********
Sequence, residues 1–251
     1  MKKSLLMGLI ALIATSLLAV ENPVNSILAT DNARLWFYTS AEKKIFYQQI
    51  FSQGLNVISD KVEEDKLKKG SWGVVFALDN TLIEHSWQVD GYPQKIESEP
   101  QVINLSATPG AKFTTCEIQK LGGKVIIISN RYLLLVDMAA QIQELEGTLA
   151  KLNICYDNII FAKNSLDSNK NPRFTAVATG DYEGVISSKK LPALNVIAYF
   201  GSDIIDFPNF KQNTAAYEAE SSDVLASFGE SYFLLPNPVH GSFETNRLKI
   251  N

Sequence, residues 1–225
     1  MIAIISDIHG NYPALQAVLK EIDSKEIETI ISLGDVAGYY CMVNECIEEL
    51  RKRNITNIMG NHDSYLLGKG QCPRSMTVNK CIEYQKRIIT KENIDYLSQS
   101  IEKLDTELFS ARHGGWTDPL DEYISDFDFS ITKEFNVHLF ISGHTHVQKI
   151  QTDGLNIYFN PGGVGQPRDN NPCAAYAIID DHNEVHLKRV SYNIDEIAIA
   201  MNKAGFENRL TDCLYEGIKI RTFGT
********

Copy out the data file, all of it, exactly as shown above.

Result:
Sequence, residues 1–251
     1  MKKSLLMGLI ALIATSLLAV ENPVNSILAT DNARLWFYTS AEKKIFYQQI
    51  FSQGLNVISD KVEEDKLKKG SWGVVFALDN TLIEHSWQVD GYPQKIESEP
   101  QVINLSATPG AKFTTCEIQK LGGKVIIISN RYLLLVDMAA QIQELEGTLA
   151  KLNICYDNII FAKNSLDSNK NPRFTAVATG DYEGVISSKK LPALNVIAYF
   201  GSDIIDFPNF KQNTAAYEAE SSDVLASFGE SYFLLPNPVH GSFETNRLKI
   251  N

Sequence, residues 1–225
     1  MIAIISDIHG NYPALQAVLK EIDSKEIETI ISLGDVAGYY CMVNECIEEL
    51  RKRNITNIMG NHDSYLLGKG QCPRSMTVNK CIEYQKRIIT KENIDYLSQS
   101  IEKLDTELFS ARHGGWTDPL DEYISDFDFS ITKEFNVHLF ISGHTHVQKI
   151  QTDGLNIYFN PGGVGQPRDN NPCAAYAIID DHNEVHLKRV SYNIDEIAIA
   201  MNKAGFENRL TDCLYEGIKI RTFGT